Nailing down the right type of sperm donor

Well, risk really comes down to intent.

Does the donor intend to be the father of the child in which he plays an active role just like any full-time or co-parenting Dad would?

Will the donor want to be called Dad?

Is the donor going to want to financially support the child such as paying child support, school fees or sporting activities?

Will the donor emotionally engage with the child and have a relationship with them?

These are just some of the questions you’ll need to be clear about if you’re looking to use a known donor.  And while you might have just read them and thought, ‘of course not!’, well then you need to ensure that it’s exactly the same response as the donor.  He might have other thoughts or hopes that you are unaware of.

It would be pretty rare to find a known donor online who’d want to randomly decide he wants to parent your child, but the risk is there.  So you want to mitigate this as much as possible. The best way to do this is to complete a letter of intent or a preconception agreement before you even embark on your conception mission with someone.   A contract really outlines what the lay of the land will look like both before and after a baby.

I can email you a template that you can copy and paste to suit your situation.  Hit this HERE.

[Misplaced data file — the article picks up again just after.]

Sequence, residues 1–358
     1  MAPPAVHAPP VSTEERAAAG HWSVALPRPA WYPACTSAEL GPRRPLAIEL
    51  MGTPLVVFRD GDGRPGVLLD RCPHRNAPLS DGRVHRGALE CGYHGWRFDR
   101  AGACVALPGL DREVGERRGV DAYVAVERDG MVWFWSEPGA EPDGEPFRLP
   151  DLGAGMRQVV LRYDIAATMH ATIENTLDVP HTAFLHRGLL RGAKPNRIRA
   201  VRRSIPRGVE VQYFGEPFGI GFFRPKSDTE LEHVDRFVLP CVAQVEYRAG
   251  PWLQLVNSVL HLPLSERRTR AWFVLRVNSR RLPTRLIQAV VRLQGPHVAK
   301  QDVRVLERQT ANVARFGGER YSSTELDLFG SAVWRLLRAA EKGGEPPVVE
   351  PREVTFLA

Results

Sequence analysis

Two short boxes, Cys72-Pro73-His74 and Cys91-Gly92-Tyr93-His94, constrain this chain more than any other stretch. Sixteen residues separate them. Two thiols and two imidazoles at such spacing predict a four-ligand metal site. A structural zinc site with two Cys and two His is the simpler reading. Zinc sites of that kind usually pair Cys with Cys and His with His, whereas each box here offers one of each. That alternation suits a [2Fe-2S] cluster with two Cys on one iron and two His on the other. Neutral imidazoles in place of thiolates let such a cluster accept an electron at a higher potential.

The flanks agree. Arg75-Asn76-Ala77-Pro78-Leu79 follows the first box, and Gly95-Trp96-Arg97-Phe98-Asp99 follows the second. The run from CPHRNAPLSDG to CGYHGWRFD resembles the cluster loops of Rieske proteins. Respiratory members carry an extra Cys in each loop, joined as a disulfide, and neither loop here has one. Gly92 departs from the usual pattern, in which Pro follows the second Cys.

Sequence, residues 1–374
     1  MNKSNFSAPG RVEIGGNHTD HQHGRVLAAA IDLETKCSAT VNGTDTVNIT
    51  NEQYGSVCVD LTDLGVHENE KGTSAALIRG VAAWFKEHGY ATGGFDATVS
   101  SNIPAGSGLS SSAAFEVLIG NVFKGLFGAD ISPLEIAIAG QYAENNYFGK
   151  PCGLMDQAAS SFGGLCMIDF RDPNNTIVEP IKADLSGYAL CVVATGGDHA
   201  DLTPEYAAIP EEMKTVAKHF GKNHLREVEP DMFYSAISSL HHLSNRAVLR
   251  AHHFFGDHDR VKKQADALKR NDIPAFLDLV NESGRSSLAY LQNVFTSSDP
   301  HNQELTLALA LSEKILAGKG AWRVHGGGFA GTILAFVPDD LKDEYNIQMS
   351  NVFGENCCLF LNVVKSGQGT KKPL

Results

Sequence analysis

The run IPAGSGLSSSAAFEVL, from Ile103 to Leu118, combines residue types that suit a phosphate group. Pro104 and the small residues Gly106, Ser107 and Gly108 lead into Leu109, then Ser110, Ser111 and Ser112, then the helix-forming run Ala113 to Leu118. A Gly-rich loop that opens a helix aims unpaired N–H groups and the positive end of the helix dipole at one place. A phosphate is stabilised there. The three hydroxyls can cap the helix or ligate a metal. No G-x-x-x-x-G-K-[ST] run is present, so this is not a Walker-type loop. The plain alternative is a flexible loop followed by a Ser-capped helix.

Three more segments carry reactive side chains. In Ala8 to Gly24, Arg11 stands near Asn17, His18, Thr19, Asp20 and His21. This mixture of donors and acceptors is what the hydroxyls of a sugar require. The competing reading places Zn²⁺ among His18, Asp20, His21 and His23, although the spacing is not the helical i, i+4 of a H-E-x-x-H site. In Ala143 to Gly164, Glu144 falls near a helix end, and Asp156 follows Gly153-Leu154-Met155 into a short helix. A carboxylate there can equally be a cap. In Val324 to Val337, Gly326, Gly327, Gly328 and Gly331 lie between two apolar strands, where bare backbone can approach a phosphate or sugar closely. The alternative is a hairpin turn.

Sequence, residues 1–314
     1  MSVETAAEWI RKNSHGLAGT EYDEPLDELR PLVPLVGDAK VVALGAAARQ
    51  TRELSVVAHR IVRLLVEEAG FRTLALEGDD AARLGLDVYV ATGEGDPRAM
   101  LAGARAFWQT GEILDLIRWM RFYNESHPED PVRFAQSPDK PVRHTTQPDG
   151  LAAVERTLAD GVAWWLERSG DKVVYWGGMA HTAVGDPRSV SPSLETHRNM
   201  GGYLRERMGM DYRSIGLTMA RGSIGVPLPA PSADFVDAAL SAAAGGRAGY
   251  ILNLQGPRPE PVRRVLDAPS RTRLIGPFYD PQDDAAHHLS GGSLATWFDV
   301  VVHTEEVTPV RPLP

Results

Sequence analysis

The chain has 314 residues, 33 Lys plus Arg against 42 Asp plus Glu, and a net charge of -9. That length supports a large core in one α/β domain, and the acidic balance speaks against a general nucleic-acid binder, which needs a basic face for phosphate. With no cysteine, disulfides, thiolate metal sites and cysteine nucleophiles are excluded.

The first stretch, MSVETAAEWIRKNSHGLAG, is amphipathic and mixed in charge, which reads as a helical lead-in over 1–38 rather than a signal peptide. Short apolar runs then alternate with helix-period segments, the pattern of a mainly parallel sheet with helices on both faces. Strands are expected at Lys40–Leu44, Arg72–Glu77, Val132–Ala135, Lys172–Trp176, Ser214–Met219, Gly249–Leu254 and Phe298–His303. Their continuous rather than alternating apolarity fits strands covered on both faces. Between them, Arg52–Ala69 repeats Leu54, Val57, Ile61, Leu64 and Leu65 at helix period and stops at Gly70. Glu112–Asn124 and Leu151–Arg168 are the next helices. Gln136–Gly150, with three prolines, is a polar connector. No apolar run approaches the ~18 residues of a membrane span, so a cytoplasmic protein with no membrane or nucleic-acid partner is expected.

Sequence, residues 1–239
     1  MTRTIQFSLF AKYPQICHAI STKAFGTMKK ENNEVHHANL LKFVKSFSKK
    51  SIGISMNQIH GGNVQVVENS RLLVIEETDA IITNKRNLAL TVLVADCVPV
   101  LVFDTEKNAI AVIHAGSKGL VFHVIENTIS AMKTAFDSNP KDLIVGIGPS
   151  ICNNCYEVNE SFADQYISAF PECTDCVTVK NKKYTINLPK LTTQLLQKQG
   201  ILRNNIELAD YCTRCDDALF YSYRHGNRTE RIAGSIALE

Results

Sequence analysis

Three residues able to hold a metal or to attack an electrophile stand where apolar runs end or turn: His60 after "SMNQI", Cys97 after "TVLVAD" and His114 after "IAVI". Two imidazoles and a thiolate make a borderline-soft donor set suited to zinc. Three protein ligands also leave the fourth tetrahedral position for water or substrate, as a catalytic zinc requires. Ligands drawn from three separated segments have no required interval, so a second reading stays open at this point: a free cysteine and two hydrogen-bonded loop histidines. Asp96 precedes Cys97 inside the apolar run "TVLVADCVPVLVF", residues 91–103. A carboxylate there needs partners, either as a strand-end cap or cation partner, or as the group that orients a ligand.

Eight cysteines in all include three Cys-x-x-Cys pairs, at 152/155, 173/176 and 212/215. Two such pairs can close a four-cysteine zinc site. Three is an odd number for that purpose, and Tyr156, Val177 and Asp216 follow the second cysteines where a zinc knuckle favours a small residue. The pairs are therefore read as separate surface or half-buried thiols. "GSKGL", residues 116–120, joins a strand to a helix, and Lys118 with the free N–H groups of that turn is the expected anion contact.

Risk exists!

While there’s risk involved in just about anything we do in life such as flying in a plane, riding in a rideshare car, or just swimming in the ocean, the risk of tangling yourself in some form of legal battle over a child is pretty slim.  Surprisingly, it’s actually more likely to happen if you use a friend as a sperm donor opposed to a known donor – someone you meet with through a social platform.

You might think using someone you truly know is the way to go because you already have a relationship with them.  You have been friends for years right?! It’s also a bonus that they’re a good looking upright sperm specimen, is gay, in a relationship and doesn’t really ever want to have his own kids.  This lifetime friend seems ideal before a baby.  But once bubs arrives, he forms a natural bond with the child and then wants to play a larger role in their life.  This is when it can get complicated!

Co-parenting can work for some people but you need to be aware that if you decide that your chosen mate is great, then you need to be okay with potentially only ever being a part-time parent.